ANC President Jacob Zuma closes the partys national general council in song at song at Gallagher Estate in Midrand on 11 October 2015.
Zuma, who has faced mounting criticism from within his own party, came under further pressure last week after a corruption probe raised fresh allegations of misconduct.
But the ANC's parliamentary majority delivered a resounding signal of support as 214 lawmakers voted against the motion and 126 voted in favour.
Zuma's victory was expected, despite Mmusi Maimane, the leader of the Democratic Alliance (DA) opposition party, appealing to ANC members to vote against their leader.
"To put it plainly, we can choose Jacob Zuma, or we can choose South Africa," Maimane told parliament during a fiery debate.
"Many of you have been speaking out against him in recent weeks... I know that there are men and women in these ANC benches who want to do the right thing."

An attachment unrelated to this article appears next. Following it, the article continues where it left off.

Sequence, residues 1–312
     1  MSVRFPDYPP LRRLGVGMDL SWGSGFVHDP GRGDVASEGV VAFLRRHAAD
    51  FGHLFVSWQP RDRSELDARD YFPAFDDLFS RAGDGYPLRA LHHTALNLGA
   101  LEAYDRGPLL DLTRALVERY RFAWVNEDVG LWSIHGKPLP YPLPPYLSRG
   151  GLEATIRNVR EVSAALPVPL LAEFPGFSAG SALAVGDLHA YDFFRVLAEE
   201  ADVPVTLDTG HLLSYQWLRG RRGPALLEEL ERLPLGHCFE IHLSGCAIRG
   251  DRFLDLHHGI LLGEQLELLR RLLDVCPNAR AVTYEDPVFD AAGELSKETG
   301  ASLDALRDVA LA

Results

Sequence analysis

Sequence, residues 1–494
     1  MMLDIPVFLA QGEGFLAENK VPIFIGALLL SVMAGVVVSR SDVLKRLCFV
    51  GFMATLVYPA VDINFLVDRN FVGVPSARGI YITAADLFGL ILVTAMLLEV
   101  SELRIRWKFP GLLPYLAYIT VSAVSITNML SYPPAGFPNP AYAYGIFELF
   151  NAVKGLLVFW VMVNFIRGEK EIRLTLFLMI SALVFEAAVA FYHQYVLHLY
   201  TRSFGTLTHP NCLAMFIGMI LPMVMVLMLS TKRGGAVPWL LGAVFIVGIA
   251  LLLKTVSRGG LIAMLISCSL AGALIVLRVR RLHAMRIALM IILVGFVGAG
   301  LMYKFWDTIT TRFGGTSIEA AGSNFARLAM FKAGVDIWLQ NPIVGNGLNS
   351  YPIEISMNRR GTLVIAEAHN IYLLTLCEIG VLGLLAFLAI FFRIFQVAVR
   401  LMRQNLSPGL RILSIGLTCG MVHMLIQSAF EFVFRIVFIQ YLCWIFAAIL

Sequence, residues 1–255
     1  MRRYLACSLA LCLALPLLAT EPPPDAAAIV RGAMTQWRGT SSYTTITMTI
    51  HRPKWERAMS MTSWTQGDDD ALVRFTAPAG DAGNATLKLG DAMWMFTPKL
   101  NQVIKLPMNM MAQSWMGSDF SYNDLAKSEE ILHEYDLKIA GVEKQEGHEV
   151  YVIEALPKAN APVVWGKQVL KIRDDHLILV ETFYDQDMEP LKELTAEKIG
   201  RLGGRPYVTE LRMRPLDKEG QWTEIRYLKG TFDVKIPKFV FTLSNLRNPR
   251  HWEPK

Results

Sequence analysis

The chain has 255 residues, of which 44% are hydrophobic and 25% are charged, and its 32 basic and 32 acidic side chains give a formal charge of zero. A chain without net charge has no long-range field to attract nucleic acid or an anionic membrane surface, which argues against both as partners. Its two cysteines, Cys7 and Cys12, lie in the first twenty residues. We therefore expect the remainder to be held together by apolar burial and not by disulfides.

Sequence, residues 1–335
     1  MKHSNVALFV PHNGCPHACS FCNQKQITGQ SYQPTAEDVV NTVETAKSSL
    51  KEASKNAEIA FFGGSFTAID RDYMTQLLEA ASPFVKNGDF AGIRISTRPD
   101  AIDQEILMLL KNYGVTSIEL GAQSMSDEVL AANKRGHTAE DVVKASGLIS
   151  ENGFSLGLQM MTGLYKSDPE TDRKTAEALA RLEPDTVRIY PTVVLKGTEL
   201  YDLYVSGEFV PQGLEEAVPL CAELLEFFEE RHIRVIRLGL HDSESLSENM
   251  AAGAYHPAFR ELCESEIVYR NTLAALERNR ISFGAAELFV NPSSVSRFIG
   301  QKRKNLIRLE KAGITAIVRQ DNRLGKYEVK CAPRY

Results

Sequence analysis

But Zuma, who came to power in 2009, retains strong loyalty among ANC (African National Congress) lawmakers and many party members.
The no-confidence vote was the third in under a year, with the first two also defeated by wide margins.
The corruption report by the country's top watchdog raised accusations of possible criminal activity in Zuma's relationship with the Guptas, a business family accused of wielding undue political influence.
Increasing numbers of anti-apartheid veterans, ANC activists, trade unions, civil groups and business leaders have called for Zuma to resign in recent months.
In Thursday's debate, the ANC attacked Maimane, the DA's first black leader, for bringing the non-confidence vote.
"The motion (is) using a black face to protect the interest of the white minority," said ANC minister Nomvula Mokonyane.
"They are trying hard to distract the ANC... from dealing with the challenges of poverty, unemployment and inequality."
Zuma's term in office ends in 2019, but the ANC is due to elect a new party leader at the end of next year and could then decide to replace him as head of state.